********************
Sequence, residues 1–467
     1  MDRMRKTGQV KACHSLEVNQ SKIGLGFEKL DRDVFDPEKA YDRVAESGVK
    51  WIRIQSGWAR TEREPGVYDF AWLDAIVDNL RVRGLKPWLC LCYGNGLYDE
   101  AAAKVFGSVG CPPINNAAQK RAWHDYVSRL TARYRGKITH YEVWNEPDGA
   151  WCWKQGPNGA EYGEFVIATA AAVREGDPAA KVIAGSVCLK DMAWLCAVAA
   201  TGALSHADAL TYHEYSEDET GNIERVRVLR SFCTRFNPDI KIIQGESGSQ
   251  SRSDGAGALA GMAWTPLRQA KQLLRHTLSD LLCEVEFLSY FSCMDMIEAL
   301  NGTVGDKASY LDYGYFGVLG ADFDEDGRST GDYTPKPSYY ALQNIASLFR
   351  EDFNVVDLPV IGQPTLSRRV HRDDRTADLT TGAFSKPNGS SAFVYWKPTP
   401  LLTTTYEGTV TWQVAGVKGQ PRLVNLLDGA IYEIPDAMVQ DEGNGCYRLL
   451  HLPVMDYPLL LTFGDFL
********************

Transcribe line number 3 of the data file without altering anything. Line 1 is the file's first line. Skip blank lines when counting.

    51  WIRIQSGWAR TEREPGVYDF AWLDAIVDNL RVRGLKPWLC LCYGNGLYDE